Community Research and Development Information Service - CORDIS


Following the signing of the START 2 (Strategic Arms Reduction Treaty), up to 200 t of weapon grade plutonium (W-Pu) and up to 2000 t of highly enriched uranium (HEU) will result from the dismantling of weapons by the year 2003. Unlike HEU, however, W-Pu requires special processing before it can be incorporated into fuel for reactors. As a medium term alternative to burning, one could mix the W-Pu with highly radioactive waste, thereby making this material as inaccessible as the plutonium that exists in spent fuel (the so-called Spent Fuel Standard).

In the long term, however, steps must be taken to address the proliferation risks associated with this W-Pu and the much larger and increasing amounts of civilian Pu from reactor operation. The options available range from burial in deep boreholes or storage in geological repositories, to reprocessing and fissioning the Pu in a reactor. Main emphasis is on this latter option in which the burning of Pu in various matrices such as uranium, thorium and inert matrices is discussed. .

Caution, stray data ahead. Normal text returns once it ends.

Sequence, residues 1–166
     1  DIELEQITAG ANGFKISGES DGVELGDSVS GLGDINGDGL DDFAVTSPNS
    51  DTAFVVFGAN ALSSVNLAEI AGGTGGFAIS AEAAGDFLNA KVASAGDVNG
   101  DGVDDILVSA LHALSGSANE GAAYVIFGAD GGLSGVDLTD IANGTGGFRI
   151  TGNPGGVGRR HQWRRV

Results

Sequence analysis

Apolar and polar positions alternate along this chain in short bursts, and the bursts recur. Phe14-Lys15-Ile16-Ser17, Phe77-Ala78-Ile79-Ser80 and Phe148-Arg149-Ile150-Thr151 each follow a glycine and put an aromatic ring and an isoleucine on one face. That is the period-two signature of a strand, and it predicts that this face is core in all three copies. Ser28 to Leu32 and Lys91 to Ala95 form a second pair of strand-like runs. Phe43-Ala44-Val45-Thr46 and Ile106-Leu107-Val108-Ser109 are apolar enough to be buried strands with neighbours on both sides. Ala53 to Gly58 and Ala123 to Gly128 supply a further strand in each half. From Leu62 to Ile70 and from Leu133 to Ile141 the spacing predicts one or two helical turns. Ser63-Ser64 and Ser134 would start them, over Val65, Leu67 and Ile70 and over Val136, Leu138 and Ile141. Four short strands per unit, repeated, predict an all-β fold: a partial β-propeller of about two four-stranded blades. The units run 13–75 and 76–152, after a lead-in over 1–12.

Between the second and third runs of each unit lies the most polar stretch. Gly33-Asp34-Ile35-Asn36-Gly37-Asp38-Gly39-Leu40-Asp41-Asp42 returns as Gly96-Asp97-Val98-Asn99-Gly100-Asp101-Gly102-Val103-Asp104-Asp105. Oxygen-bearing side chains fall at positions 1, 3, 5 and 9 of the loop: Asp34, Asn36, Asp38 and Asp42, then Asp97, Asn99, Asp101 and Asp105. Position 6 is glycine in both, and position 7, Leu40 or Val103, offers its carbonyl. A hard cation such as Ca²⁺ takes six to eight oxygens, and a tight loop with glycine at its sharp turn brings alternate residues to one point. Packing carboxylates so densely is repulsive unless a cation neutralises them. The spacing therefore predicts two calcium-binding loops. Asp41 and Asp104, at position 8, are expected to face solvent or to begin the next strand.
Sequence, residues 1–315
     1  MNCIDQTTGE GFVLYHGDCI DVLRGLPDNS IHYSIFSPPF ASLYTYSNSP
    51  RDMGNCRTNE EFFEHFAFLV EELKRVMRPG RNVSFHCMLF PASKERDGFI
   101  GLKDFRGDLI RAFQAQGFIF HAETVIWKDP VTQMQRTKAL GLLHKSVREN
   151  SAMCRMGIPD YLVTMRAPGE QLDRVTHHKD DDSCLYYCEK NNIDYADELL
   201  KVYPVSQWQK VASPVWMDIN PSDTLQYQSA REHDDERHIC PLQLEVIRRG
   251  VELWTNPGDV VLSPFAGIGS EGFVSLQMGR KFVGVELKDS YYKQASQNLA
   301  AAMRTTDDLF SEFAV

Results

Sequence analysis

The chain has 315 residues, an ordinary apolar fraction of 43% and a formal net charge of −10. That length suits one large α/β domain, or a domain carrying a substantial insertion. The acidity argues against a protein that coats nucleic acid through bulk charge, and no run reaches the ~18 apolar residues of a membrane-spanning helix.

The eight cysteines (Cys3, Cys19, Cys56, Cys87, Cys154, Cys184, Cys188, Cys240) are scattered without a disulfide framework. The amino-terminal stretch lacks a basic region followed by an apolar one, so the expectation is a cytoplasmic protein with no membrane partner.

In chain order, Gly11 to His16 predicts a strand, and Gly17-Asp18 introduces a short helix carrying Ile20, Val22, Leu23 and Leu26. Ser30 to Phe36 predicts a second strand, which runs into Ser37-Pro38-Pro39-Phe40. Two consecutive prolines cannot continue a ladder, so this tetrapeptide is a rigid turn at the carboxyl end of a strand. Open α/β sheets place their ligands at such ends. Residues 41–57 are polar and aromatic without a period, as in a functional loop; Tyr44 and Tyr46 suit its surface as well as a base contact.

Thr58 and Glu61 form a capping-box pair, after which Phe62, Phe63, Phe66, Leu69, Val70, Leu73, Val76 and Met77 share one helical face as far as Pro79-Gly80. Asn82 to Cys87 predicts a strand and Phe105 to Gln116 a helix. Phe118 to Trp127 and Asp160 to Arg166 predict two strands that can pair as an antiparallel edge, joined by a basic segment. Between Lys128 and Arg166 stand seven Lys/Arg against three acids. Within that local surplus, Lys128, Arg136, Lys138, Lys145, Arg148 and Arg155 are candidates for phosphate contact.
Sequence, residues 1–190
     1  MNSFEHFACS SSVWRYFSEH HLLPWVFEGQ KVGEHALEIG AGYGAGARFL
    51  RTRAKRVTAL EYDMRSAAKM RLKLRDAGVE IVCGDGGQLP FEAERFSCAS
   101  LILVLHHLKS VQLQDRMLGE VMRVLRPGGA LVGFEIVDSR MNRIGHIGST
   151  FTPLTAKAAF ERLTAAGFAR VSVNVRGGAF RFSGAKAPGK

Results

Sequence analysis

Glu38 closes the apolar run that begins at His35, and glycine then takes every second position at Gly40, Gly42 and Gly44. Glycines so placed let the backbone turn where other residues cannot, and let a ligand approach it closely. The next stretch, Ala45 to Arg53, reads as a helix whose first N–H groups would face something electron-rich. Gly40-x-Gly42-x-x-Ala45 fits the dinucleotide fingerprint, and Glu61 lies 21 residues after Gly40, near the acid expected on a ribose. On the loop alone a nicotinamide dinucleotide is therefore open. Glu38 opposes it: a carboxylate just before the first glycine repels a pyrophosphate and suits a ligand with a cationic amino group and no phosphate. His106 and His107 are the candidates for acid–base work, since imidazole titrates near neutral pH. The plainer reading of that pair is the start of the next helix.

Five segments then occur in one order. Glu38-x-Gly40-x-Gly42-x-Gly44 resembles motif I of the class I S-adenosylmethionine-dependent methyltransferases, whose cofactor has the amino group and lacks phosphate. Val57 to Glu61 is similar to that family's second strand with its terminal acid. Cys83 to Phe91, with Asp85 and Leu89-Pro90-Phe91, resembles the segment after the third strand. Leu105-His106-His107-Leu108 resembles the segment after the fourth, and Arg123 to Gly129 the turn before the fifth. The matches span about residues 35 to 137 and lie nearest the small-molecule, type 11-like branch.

Additional information

Authors: MATZKE H, JRC Karlsruhe (DE);MAGILL J, JRC Karlsruhe (DE);VAN GEEL J, JRC Karlsruhe (DE)
Bibliographic Reference: Paper presented: 21st Annual Symposium of the Uranium Institute, London (GB), September 4-6, 1996
Availability: Available from (1) as Paper EN 40192 ORA
Record Number: 199611481 / Last updated on: 1997-01-16
Original language: en
Available languages: en
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